AUTONOMY AND SCHOOL ACCOUNTABILITY
Concerns emerging about lack of strategic oversight and democratic legitimacy
Research suggests that school autonomy is a good idea (OECD, World Bank, etc) but only if placed within a secure and robust accountability framework.
McKinsey research has shown that the highly successful school systems in the world have a middle tier, between central government and the individual school.
There is an on-going debate about how the government’s structural reforms, creating autonomous state schools (academies and free schools) have affected accountability. Academies and free schools are basically accountable directly to the Secretary of State, through funding agreements (which vary) which are contracts with the Secretary of State .These together with the academies financial handbook provide the accountability regime for all academies which includes the requirement to produce annual audited accounts. But can the SOS really hold so many schools directly accountable to him, given that over half secondary schools are now academies and there are going to be further cuts to his staff.
Meanwhile, the government argues that academy schools are ‘independent’ schools. But how independent are they, if they are directly accountable to the SOS, (and the provisions of the funding agreement)? The SOS can ,if he sees fit, vet the appointment of an academy trustee. How would any normal charity feel (academies are ‘exempt’ charities) if a Minister could veto the appointment their trustees? Certainly academies are not as independent as private sector schools, including those with charitable status (although academies are supposed to have inherited their DNA!).
Critics point out that there is no middle tier that can help identify and support problem schools early on. Some say that academy chains help provide a middle tier. For schools in this situation, the headquarters of the chain has become the new middle tier. But, of course, not all academies and free schools are part of a chain.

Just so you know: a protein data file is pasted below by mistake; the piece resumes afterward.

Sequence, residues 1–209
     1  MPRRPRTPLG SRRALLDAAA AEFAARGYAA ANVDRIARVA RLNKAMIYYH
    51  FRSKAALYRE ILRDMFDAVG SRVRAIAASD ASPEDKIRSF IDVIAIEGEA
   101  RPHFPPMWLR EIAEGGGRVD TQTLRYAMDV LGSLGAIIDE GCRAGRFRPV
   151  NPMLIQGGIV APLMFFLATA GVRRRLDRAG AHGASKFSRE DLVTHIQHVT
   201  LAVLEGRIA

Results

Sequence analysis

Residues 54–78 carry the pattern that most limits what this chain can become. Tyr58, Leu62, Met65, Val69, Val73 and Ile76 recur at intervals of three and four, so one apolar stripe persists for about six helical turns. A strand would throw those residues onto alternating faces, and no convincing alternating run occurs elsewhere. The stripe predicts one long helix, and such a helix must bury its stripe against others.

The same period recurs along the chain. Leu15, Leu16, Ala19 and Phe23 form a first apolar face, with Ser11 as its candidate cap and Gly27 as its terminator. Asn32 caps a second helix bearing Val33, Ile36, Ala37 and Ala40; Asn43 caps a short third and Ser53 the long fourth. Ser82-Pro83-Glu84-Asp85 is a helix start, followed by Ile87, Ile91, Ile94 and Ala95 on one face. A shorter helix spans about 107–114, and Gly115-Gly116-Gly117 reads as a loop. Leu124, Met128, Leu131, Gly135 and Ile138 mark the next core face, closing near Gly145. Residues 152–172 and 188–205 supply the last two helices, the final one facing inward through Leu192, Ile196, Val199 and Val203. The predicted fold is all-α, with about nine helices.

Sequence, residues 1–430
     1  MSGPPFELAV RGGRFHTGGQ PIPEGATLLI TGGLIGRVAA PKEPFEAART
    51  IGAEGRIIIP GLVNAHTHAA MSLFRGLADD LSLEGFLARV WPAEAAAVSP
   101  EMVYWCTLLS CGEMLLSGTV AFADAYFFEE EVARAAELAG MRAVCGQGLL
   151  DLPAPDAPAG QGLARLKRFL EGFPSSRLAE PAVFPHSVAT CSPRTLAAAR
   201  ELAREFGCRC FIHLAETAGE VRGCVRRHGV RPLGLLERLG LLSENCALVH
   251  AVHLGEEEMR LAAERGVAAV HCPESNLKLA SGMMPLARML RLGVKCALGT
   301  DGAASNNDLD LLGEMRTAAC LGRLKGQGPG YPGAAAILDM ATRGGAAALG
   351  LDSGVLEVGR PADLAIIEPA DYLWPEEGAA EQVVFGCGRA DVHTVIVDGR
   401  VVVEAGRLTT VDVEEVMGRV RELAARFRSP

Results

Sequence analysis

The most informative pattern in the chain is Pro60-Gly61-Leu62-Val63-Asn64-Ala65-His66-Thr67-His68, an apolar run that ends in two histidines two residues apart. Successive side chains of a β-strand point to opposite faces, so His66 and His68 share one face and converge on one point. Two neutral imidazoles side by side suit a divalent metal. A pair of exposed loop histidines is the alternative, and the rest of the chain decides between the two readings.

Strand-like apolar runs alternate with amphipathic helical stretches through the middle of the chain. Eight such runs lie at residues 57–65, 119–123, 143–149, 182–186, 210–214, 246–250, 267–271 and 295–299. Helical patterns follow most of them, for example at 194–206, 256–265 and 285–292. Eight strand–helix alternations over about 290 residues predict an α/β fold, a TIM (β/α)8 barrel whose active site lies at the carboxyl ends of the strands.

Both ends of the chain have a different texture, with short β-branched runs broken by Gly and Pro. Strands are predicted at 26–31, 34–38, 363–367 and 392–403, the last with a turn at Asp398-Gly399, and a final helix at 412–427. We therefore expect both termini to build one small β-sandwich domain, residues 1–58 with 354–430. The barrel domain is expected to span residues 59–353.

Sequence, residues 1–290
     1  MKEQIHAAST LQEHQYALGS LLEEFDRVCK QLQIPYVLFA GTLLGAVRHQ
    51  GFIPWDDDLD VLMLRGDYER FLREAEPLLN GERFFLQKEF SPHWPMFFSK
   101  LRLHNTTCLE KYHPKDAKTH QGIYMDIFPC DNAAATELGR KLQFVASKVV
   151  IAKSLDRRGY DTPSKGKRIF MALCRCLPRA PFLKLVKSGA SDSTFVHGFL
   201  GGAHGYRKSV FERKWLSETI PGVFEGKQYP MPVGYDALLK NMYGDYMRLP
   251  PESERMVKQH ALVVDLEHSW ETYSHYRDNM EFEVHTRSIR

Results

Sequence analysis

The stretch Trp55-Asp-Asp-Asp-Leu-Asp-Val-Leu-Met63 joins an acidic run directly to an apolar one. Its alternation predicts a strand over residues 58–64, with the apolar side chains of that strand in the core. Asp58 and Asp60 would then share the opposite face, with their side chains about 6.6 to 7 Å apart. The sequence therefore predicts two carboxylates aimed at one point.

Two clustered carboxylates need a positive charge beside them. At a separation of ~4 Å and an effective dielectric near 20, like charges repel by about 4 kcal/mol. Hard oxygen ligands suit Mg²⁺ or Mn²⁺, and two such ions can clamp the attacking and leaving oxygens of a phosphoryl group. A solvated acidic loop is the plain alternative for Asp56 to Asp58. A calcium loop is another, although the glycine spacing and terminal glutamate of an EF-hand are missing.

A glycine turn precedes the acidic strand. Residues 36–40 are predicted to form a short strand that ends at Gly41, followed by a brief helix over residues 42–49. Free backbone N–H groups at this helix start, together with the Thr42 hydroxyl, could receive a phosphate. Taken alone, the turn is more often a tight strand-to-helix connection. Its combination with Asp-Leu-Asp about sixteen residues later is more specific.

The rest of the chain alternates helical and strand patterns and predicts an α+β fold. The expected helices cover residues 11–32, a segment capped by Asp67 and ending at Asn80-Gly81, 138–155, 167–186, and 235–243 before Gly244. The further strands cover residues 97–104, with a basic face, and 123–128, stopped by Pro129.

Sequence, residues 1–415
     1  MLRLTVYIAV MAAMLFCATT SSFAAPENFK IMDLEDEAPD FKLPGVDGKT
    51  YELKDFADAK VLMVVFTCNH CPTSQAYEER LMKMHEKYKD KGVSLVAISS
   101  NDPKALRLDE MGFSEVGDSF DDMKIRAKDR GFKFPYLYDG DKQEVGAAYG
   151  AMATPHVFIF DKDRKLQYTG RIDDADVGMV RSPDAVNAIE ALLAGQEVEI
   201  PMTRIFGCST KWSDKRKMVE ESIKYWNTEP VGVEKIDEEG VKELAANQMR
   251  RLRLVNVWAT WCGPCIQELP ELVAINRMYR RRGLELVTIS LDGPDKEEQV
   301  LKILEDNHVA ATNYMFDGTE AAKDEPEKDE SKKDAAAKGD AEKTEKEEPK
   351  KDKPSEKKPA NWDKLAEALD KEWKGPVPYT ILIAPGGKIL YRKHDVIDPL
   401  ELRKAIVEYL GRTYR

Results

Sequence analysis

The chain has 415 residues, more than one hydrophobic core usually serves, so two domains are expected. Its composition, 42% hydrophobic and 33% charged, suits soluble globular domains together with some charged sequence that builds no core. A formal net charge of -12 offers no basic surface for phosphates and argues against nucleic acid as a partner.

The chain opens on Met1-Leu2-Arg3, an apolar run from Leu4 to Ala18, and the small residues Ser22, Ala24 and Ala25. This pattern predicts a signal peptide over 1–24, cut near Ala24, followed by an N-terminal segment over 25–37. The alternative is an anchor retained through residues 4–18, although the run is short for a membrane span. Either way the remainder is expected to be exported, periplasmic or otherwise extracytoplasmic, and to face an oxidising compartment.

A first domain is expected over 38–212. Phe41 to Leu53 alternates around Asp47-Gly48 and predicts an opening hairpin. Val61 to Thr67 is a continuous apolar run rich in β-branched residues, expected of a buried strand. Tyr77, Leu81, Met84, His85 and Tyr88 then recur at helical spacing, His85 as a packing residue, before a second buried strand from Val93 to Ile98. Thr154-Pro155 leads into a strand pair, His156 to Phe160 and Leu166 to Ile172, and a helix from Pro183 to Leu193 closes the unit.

The latest contribution to this debate comes from Ron Glatter who is the emeritus professor of educational administration and management at the Open University and Susan Young is a freelance education journalist. In the Guardian (13 November) they argue that despite the growing power of central government, the dominant rhetoric has been about autonomy, independence and liberation from bureaucracy (read local authorities) and this focus has persisted and grown stronger over the years. The driving factors behind this include the commitment to free market ideology, England’s highly centralist constitution, and the symbolic power of the elite independent school sector. But they say that ‘paradoxically, despite the persistent and growing emphasis on autonomy, most school practitioners consider themselves constrained by government requirements to a far greater extent than their forbears in 1975. Schools have many more responsibilities and the centre has been transformed from a trusting referee and resource provider to a demanding and impatient managing director with frequently changing identities and priorities.’
They conclude that ‘The biggest change since 1975 has been the progressive disempowerment of the intermediate tier of governance which international research has shown is a vital element in system improvement. This looks likely to result in a highly unstable framework, marginalising the community and local dimensions. Unsurprisingly, many schools appear to find the stand alone model uncomfortable and are clustering together in various groupings such as academy chains and co-operative trusts. From the point of view of pupils and their families, the likely collapse of any local strategic co-ordination and community governance could have serious consequences and raises major questions about democratic legitimacy. A key challenge in the next few years will be to create an effective and legitimate multi-level system of educational governance that is fit for purpose and can command the trust of the public and the profession.’ This requires addressing a question, they claim, that is as crucial and unresolved now as it was in 1975, and which has become even more pressing: “To whom should schools funded by the public purse belong?”
Local authorities believe that they should be this middle tier, again. But one of the key drivers behind the academies programme is the proposition that schools were being stifled by local authority bureaucracy and interventions and needed much greater freedom to manage their resources, as they saw fit.This is less ideology, than common sense. And, arguably, while local authorities provide accountability, in the sense that councillors have to face periodic elections, (unlike their officials) in rather too many cases this has done little to improve schools under councils control. So this ‘long accountability’ looks to be insufficient, because far too many children, and particularly the most disadvantage have been let down. There are other ways, of course, to create this middle tier that might go some way to satisfying key stakeholders and which dont revert back to local authorities and the status quo ante. The Financial Times suggests that the middle tier role should be filled by regional commissioners, accountable to the local community and able to act on grievances quickly. The commissioners could also foster collaboration between academies: for example, by co-ordinating exchanges of teachers and organising training.
This is an important debate that will run and run.